Middle High German was the language of the minstrels. Although the time of its oldest documents nearly overlaps with AHD times, it is quite thoroughly different from AHD. The concentration of the word stress on the word stem is now complete, leaving prefixes and suffixes with an unspecific vowel written as -e-. As a consequence, declension and conjugation endings have disappeared except for small residues, so that pronouns (when there is no other subject) and articles are now obligatory. But the old vowels have left their traces: when in an AHD suffix there was an -i- which became an -e- or disappeared in MHD, it had modified a preceding -a-, -o-, -ou-, -u- or -uo- in the word stem to become -ä-, -ö-, -öu-, -ü- or -üe-, for example gibârida→gebærde(→Gebärde), scôni→schœne(→schön), guoti→güete(→Güte). In AHD, these umlauts were just pronunciation variations of the vowels in a specific context (allophones) with little need to reflect them in spelling, whereas in MHD and later, they were more and more distinctive and increasingly rendered in writing.
MHD is similar enough to NHD that, at least after getting accustomed to it, speakers of NHD should get the story line of a MHD text, although they will certainly miss many of the details. Of course, knowing the sound shifts between MHD and NHD to be explained in the next section helps a lot in recognising the words. Here is an example from the most famous of the MHD songs, “Der Nibelunge Nôt”. The NHD translation below, deliberately literal and thus in no way acceptable as fluent NHD, seeks to find NHD cognates even when they do not quite fit; when this would result in wrong translation they are bracketed and followed by a more appropriate NHD word.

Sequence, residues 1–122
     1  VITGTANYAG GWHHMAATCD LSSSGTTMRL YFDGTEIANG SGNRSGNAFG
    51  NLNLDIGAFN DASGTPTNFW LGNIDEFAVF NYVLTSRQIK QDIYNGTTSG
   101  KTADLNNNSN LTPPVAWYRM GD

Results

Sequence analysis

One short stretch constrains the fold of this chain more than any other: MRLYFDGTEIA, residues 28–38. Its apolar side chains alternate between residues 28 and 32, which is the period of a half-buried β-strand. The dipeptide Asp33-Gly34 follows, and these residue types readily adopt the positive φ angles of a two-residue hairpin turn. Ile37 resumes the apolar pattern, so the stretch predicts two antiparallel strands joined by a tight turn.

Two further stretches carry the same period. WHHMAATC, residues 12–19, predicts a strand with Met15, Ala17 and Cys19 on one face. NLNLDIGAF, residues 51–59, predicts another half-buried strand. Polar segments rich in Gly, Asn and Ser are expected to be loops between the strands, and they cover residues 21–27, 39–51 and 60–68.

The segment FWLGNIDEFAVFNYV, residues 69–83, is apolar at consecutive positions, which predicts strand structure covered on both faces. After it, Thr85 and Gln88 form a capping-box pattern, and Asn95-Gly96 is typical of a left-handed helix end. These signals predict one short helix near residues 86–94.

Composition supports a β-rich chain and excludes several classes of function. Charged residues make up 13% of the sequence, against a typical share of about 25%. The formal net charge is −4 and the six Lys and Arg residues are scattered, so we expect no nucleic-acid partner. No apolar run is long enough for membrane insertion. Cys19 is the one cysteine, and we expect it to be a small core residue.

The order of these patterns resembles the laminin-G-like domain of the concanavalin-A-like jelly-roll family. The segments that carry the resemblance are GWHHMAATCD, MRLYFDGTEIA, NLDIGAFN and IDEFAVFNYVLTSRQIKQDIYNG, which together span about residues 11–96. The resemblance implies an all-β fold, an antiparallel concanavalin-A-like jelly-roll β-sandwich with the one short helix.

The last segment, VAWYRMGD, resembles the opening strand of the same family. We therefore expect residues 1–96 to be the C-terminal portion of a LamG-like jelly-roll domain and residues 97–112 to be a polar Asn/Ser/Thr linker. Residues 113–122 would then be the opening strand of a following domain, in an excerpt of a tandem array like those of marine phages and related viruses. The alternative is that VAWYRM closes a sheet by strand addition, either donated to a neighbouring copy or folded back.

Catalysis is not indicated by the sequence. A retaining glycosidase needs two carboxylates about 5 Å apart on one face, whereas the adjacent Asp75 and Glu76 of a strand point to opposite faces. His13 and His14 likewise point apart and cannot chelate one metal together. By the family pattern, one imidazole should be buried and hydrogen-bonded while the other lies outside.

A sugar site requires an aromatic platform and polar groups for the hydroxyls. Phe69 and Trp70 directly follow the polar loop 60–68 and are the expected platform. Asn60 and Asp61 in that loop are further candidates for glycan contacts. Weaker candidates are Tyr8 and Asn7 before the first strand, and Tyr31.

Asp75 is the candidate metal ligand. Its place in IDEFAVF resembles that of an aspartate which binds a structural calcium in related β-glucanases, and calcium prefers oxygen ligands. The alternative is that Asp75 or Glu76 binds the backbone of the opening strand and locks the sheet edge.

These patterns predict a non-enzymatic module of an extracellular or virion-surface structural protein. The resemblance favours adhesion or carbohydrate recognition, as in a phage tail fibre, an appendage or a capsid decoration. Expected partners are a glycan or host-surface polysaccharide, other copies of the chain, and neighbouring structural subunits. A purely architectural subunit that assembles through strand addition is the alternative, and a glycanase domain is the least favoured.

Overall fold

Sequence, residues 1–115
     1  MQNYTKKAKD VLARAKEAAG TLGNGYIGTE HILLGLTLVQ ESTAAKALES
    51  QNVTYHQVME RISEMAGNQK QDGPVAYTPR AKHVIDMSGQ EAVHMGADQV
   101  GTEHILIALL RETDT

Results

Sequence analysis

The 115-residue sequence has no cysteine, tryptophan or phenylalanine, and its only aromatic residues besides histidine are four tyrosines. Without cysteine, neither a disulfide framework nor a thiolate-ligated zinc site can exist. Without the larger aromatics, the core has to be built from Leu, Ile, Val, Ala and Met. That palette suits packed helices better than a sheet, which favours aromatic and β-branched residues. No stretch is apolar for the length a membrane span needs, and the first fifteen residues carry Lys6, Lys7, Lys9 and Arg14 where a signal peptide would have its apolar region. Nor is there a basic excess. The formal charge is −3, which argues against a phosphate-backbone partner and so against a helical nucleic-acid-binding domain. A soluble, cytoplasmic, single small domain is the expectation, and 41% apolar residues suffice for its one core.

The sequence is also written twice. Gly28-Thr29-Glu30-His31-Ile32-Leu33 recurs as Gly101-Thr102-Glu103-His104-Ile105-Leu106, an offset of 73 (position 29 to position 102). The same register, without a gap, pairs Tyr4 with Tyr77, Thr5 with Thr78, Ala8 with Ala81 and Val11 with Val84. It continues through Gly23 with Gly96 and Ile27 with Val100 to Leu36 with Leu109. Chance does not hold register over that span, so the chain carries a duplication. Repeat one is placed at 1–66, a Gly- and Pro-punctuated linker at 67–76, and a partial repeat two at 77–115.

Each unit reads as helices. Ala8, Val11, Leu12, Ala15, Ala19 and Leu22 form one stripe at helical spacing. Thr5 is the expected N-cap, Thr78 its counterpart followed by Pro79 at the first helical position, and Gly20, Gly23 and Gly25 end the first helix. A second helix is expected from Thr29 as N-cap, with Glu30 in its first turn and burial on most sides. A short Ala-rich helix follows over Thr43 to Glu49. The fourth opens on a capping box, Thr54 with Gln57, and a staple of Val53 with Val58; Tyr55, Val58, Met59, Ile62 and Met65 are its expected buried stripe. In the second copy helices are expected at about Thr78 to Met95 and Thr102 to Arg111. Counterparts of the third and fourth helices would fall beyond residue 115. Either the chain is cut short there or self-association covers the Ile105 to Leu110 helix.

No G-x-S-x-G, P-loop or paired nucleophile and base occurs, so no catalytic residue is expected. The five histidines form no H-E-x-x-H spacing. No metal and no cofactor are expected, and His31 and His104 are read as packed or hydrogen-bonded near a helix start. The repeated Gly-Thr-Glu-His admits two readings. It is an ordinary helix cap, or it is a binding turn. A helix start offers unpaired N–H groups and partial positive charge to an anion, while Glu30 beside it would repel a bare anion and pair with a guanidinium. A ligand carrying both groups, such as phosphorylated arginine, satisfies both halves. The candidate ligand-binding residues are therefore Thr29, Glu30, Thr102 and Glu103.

|Dô sprach ûzer Metzen der degen Ortwîn:
„welt ir mit vollen êren zer hôchgezîte sîn,
sô sult ir lâzen schouwen diu wünneclichen kint,
die mit sô vollen êren hie zen Burgonden sint."
|Da sprach aus Metz der Degen Ortwin:|